My good friend Dave Gross of Oglesby,  Texas,  was impressed enough with this tool to want to do cactus eradication for hire as a service.  He’s retired now,  but for over the decade that he did this,  we built him a series of heavy-duty tools,  to which we added transport wheels.  His “commercial” tool became the genesis of the hydraulic tool I now offer in addition to the plain tool.  What I had to address was supplying the same strength and utility,  but with greatly-improved producibility. 

Recent History

The second article in the list above (Kactus Kicker:  Recent Progress,  1-8-14) describes my work up through last winter on an experimental wheeled prototype,  including field testing.  That experimental prototype proved to need some design changes,  beyond just the narrow stance corrected to wide stance as described in an update to that earlier article.  The towbar option I put on it wasn’t very good,  for one thing.  The wheelbarrow wheels I used weren’t tough enough,  for another. 

But,  that experience led to a real production prototype,  which is insignificantly different from the actual production models.  I did add rain drain holes to both (and to the production hydraulic design).  From that production prototype result,  I revised my experimental prototype to the production configuration,  except for its hydraulic pressure rating and its wheels.  Both are shown in Figure 1.

Figure 1 – Experimental Prototype (near) and Production Prototype (far) Hydraulic Tools

Figure 2 shows a close-up of the production prototype from its right side.  The longer hydraulic snout has 3 plates instead of two as on the plain tool.  On the plain tool,  one is a mini-“barge front” for wedging over obstructions,  the other is the ground-contact “slider”.  On the hydraulic tool,  two slider plates are needed,  mounted at slight angles.  One is for cactus-killing with the wheels raised,  the other (in the middle) is for smooth sliding with the wheels down for transport or “stepping-over” obstructions. 

This prototype is fitted with the optional towbar hitch,  providing a standard trailer-ball hook-up for faster transport across the pasture behind the tractor.  This is not intended for towing while killing cactus,  because the forces are too high,  and the leading edge gap under the tool deck is too large to efficiently break up plants.  The real advantage of the towbar hitch option is being able to back the tool up,  something not possible when towing only on the chain.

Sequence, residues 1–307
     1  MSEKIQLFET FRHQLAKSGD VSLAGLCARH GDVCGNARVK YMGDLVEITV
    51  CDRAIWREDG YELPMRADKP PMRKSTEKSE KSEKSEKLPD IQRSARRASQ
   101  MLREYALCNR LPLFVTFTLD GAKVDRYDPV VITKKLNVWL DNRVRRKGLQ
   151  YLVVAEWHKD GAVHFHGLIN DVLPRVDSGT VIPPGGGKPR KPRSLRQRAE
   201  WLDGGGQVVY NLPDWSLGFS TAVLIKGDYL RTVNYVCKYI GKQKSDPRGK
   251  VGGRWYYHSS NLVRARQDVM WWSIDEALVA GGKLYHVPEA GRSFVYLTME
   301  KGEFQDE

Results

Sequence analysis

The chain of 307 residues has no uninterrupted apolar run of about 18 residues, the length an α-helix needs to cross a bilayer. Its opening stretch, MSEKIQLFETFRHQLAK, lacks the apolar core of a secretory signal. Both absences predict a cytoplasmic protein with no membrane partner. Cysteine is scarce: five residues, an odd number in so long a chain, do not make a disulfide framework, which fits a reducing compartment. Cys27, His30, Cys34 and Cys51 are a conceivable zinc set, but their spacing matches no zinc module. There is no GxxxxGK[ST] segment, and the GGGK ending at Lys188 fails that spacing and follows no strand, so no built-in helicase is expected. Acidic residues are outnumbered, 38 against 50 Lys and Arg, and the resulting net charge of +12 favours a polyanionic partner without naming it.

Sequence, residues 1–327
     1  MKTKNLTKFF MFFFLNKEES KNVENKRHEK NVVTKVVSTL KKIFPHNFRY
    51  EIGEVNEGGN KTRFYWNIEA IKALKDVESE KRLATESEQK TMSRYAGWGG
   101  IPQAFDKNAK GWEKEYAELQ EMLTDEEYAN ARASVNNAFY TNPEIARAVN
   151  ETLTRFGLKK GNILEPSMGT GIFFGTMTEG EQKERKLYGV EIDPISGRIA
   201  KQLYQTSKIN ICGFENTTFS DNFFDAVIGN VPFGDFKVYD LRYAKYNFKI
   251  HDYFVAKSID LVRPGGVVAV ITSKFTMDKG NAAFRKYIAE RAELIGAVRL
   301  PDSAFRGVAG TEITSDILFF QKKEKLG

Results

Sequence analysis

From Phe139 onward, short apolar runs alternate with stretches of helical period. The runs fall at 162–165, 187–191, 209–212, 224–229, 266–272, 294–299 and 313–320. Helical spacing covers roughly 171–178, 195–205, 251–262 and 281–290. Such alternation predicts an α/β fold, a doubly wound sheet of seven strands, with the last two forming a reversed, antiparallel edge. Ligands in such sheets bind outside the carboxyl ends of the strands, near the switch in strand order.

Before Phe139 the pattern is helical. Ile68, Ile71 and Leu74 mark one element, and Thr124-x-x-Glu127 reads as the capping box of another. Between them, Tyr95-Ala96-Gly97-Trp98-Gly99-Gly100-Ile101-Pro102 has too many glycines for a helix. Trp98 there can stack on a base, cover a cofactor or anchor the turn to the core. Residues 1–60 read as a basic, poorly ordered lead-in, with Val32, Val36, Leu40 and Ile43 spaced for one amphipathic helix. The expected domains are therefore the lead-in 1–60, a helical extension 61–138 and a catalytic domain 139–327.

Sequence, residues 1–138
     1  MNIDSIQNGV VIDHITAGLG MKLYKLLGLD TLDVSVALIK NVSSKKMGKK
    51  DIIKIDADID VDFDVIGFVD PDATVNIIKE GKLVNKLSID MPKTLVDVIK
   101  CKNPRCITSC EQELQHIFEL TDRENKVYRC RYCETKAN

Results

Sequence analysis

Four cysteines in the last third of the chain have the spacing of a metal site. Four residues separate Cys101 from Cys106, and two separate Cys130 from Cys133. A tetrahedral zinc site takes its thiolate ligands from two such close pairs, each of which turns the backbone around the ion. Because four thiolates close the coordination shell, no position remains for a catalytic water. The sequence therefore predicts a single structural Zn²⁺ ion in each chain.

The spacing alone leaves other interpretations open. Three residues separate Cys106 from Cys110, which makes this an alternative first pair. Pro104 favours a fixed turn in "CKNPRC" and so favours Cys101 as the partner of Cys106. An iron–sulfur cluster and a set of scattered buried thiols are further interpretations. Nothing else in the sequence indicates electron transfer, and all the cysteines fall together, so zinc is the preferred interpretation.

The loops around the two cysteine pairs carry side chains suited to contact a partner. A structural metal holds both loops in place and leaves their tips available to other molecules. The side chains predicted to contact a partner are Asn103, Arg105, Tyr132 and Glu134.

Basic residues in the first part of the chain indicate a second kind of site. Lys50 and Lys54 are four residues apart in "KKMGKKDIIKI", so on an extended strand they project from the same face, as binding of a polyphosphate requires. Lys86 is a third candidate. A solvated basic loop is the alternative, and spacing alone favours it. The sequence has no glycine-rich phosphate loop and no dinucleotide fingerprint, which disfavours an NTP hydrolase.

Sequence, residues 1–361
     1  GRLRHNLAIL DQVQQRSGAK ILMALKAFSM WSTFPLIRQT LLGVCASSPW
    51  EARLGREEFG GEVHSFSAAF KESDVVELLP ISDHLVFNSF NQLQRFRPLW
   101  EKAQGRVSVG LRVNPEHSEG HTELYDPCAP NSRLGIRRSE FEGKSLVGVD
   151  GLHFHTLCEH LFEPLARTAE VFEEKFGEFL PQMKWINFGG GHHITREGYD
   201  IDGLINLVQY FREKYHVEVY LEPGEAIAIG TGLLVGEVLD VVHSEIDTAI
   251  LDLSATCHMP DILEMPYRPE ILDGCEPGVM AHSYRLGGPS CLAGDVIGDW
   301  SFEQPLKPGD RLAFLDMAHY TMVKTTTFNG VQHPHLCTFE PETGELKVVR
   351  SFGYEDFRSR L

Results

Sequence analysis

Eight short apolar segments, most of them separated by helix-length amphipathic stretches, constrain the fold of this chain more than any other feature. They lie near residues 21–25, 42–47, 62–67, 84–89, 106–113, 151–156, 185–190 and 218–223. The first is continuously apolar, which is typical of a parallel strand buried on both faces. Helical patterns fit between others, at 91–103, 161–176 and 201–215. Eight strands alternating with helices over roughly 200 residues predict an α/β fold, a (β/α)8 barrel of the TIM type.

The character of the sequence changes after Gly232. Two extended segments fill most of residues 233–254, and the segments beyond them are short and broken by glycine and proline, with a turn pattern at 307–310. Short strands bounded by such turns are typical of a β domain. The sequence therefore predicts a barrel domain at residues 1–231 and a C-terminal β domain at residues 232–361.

The hitch tongue extends by sliding,  and is secured with a hitch pin in either position.  The upside-down cross-mounted channel is a jack point,  with which one uses the hydraulic bottle jack (resting on the tool deck).  This raises the trailer hitch up over the ball for connection and disconnection.  I supply the bottle jack with the towbar option.  It outlives most crank-type trailer jacks. 

The towbar hitch is an option,  because the tool can be transported on its wheels sliding on the snout plate,  simply towing with the tow chain bridle.  Transport speed is a little slower this way,  but still faster than towing the tool with the wheels up.  Things bounce when you tow too fast,  in any case.

 Figure 2 – Close-Up of Production Prototype Showing Hydraulic Snout and Towbar Option

Figures 3 and 4 show the production prototype hitched-up for chain tow to kill cactus.  The big triangular tow chain bridle flips over any trailer ball or tow hook on the drawbar assembly of any tractor.  Figure 3 shows the wheels-up/tool-down-on-the-ground configuration for killing prickly pear cactus.  Like the plain tool,  at the recommended tow speed of no more than 3 mph,  tow loads are usually around half a ton,  for a drawbar horsepower figure in the 10-12 HP range (8-10 for the lighter plain tool).  The left side chain helps guide and support the hydraulic hoses that extend forward to the tractor.  

You can see the cross-chain that runs from one side to the other,  through the snout assembly.  This cross chain helps limit pitching motions on rough ground,  but more importantly,  it forms the lift sling.  If you pull the tow chains together over the cylinder and deck behind the snout,  the two tow chains form two legs of a 3-way sling to pick up the tool.  The cross chain forms the third leg of that 3-way sling,  holding up the snout.